Plus System Inc., the global network of automated teller machines operated by Visa International, is taking advantage of the association's 1996 Olympic sponsorship early.

Rather than get lost in the shuffle of Olympic-related advertising next summer for the games in Atlanta, Plus is running print ads and sponsoring a contest this month.

Ron Reed, vice president and general manager of Plus, disclosed that the network had allocated $1 million for the four-week campaign.

The expenditure "is significant for us," he said. Other sponsors, including Visa, will be spending much more, Mr. Reed noted. "We didn't want to get washed out by the big blitz of ads next summer."

Industry watchers said Plus' early-start approach is a good one.

"If they don't have enough funds to sustain a program through the actual Olympic games next summer, it may well be smartest to do it now," said Jim Andrews, vice president of IEG Sponsorship Report, a Chicago newsletter.

"The Kodaks and Coca-Colas of the world have a lot of money and will be blanketing (advertising channels) with their promotions," Mr. Andrews added. "Not everyone can afford to compete with that."

The Plus campaign, which will run exclusively in USA Today, includes a week of teaser ads followed by three weeks of contest questions. The questions focus on former Olympic host cities and will rotate throughout the newspaper, in the Money, Lifestyle, Sports, and Travel sections.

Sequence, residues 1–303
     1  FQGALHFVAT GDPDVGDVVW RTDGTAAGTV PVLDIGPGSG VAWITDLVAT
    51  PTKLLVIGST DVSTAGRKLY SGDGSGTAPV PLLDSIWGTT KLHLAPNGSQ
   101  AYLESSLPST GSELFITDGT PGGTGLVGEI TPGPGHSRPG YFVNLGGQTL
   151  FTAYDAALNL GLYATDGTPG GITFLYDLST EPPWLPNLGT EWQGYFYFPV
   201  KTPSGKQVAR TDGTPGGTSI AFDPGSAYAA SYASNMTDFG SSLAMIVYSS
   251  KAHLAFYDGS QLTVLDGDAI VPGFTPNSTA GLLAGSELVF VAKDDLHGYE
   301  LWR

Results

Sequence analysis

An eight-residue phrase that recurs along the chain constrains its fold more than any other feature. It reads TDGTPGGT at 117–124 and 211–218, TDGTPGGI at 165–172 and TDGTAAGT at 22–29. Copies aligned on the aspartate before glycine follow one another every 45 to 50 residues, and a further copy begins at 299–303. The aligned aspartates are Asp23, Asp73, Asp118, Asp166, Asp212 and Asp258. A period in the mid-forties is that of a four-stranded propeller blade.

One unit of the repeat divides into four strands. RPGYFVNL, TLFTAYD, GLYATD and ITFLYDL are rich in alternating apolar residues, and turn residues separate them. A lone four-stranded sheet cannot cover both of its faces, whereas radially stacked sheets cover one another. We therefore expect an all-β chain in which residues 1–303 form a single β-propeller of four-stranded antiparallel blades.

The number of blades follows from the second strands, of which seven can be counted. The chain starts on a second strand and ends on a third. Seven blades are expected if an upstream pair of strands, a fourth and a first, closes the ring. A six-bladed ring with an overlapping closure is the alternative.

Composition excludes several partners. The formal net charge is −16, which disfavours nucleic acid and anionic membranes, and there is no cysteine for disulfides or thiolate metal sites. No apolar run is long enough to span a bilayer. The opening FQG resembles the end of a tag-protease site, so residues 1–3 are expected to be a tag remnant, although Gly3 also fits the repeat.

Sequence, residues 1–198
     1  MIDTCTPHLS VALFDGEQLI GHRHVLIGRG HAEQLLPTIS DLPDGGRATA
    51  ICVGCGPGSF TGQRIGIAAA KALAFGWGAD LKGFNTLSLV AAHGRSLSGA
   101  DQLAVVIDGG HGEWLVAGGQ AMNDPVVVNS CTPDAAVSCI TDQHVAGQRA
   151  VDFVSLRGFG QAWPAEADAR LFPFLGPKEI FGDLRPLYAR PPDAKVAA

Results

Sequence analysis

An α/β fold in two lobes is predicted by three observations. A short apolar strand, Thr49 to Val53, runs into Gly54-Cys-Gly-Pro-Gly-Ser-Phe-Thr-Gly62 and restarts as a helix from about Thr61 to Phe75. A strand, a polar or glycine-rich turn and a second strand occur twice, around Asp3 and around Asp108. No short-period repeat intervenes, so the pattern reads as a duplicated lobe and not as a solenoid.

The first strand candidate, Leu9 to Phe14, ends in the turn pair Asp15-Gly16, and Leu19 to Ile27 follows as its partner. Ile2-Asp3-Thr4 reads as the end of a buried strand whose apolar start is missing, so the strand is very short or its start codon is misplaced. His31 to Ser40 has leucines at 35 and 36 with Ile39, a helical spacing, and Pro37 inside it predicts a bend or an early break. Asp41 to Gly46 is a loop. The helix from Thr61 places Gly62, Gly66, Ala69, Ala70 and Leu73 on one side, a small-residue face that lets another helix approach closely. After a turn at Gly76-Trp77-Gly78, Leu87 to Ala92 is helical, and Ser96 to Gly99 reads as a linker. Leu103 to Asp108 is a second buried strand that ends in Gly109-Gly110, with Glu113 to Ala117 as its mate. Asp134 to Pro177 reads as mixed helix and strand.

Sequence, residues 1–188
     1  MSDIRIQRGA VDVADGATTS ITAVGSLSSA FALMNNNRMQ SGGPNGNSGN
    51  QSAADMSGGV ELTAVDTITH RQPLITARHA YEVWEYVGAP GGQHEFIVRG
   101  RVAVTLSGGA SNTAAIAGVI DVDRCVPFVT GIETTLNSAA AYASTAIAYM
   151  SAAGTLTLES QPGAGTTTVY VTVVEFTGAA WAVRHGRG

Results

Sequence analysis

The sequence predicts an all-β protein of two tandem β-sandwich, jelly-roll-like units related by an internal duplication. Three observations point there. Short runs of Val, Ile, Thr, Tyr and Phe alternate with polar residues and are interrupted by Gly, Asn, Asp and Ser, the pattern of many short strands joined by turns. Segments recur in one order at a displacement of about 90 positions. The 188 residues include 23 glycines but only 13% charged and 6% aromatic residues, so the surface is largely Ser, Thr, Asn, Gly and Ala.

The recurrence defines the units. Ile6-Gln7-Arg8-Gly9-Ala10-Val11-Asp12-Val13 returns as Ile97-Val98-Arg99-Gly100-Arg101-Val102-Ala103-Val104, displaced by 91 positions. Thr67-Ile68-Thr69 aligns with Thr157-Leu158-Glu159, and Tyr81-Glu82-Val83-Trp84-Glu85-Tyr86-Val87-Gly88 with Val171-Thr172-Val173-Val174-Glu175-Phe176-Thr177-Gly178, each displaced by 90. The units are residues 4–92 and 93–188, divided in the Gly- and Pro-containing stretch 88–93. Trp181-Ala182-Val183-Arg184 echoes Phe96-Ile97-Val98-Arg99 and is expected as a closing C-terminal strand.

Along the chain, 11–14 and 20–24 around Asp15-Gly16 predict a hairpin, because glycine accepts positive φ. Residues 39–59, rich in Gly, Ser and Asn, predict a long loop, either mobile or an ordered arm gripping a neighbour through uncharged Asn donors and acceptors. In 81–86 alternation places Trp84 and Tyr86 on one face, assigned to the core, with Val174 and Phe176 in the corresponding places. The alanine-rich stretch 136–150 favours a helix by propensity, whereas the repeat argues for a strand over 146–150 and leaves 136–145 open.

Mr. Reed explained that USA Today was chosen because demographic research showed it to be the newspaper read by most international travelers to the United States.

The teaser ads ran last week, and the contest questions start this week.

Each person who calls in the day's correct answer is eligible for the grand-prize drawing: The opportunity to train with Olympic hopefuls at the Visa Gold Medal Athlete training camp this fall, and a four-day trip to the summer games.

A VIP package to the Olympics will also be given to a first-prize winner. Plus said it will select winners at random from all correct responses.

Unlike many promotions for the national and regional networks, this contest does not require consumers to use an ATM.

"We're interested in increasing our brand awareness," said Mr. Reed. "We think usage follows after that."

Mr. Reed said that close to 160 million cards issued to U.S. consumers carry the Plus mark. Internationally, he added, there are more than 530 million bank-issued cards that can access the Visa/Plus network.

"We believe Visa Plus is the preeminent international ATM mark. The Olympics, of course, are an international event," said Mr. Reed. "There's a very good fit."

To prepare Atlanta-area retailers for next summer's Olympics, Visa is running a promotional program called Visa Rewards for Gold Medal Achievement. Under the program, 5,000 merchants can become eligible for prizes for accepting and promoting Visa card payment.

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